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Anyone can be a victim.
Everyone can be a survivor.

Throughout the month of February, Crime Stoppers of Houston is launching an important initiative focused on educating the public about Teen dating violence. Teen dating violence is defined as the physical, psychological, emotional, or sexual violence within a dating relationship, including stalking. It can occur in person or electronically and can occur between a current or former dating partner. An abuser can be male or female.

It happened to Joshua Webb during his freshman year at college.

“Looking back on it I can definitely see red flags, things that should have stopped me in my tracks but didn’t,” said Webb, who is now a program coordinator at Crime Stoppers of Houston, sharing with teens information about our organization’s tip line and also his personal story of abuse. He met and began dating someone and didn’t realize how quickly she began to control his life. “It took me years to accept the fact that what I experienced was abuse,” he said. Webb says he was verbally, emotionally, and even sexually abused by this partner. She became jealous of his friendships with other women and he began to feel alienated from them. He lost male friends, too. They didn’t like his girlfriend because of the way she was treating Joshua.   It was only when a few remaining friends staged an “intervention” that he then realized just how abusive the relationship had become. He never imagined that he could be a victim and wants others to know that an abusive relationship can take any form and that it most certainly doesn’t have to subscribe to society’s expectations of gender roles. “When I talk about it to anybody, I like to focus on the boys and young men: This can happen to you. It’s not your fault. It’s ok to leave. It’s ok to acknowledge it. That doesn’t make you less of a man.” Webb hopes that anyone in an abusive relationship will seek help from a trusted friend, adult, counselor or law enforcement.
Teen Dating Violence By the Numbers
(Source: CDC 2021 TDV Report)


  • 1 in 11 females and 1 in 15 male high school students report having experienced physical dating violence in 2020.
  • 3.5 Million women and 900K men reported that the intimate partner abuse occurred before turning 18.
  • 1 in 8 female and 1 in 26 male high school students report having experienced sexual dating violence in 2020.
As Houston’s leading public safety non-profit, Crime Stoppers of Houston has designed and is delivering a series of webinars to help the public understand teen dating violence, how to recognize it and what they can do about it. Participants will not only hear from victims but will learn about important organizations and resources that can help them safely extricate themselves from a volatile and abusive relationship and put them on a path to recovery.  We urge you to join these upcoming informative session.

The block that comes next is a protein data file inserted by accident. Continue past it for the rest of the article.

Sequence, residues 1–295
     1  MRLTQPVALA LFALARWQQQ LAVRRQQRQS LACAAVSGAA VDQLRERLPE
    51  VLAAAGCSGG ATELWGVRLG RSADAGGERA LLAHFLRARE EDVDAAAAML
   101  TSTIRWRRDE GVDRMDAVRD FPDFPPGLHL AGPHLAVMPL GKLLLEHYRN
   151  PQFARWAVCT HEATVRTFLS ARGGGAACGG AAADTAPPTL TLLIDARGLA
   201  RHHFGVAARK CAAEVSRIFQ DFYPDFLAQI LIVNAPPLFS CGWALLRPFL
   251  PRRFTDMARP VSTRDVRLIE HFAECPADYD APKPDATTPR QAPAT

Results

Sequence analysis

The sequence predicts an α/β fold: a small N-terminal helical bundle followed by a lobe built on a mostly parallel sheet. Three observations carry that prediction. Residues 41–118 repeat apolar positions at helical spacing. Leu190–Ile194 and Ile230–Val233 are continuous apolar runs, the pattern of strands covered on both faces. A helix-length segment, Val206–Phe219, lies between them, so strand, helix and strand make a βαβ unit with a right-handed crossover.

All webinars are free-of-charge. Registration for the February 14 event is now open here.

Recordings of these and prior webinars can all be viewed at any time on the Crime Stoppers website here. Click on each past event to get links to recordings.

Monday webinars are made possible by the Texas Education Agency (TEA) and Spindletop Charities, Inc. Tuesday webinars are made possible by Spindletop Charities, Inc. and our Safe Community Program sponsors: Phillips 66, The Hamill Foundation, Harris County Commissioners Court – Commissioner R. Jack Cagle, Harris County Commissioners Court – Commissioner Tom Ramsey, Lawrence and Linda Levy, Cheniere Energy, Houston PetSet and the Harris County Sheriff’s Office Foundation.

Additionally, Crime Stoppers offers free prevention presentations on this topic and many others. To schedule a presentation, visit this link.

Visit www.crime-stoppers.org for additional crime prevention resources and events.

About Crime Stoppers of Houston
Through active collaboration, citizen empowerment and educational outreach, Crime Stoppers of Houston is leading the Nation with innovative crime prevention programming to keep our communities safe. Established in the early 1980’s as solely a Tip Line Program, Crime Stoppers remains committed to its mission to solve and prevent serious crime in partnership with citizens, media and the criminal justice system, and now offers a robust public safety program that is reaching millions each year. Focused on finding crime-fighting solutions, the organization began growing its Safe Community Programming in 2013, opened the doors to the first-ever Crime Stoppers headquarters in the world in 2017, recently expanded its Safe School Program into a forceful Safe School Institute that provides critical school safety resources nationally, and has a Victim Services and Advocacy Program that supports victim families.

Download our Teen Dating Violence Safety Tips Here

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